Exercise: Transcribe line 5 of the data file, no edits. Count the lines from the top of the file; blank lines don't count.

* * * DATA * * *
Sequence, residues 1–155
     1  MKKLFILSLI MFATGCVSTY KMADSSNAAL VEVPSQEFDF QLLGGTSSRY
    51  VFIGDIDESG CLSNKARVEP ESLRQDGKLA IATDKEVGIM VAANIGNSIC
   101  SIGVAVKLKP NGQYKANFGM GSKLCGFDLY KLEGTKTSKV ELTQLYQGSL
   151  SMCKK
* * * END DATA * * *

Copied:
   151  SMCKK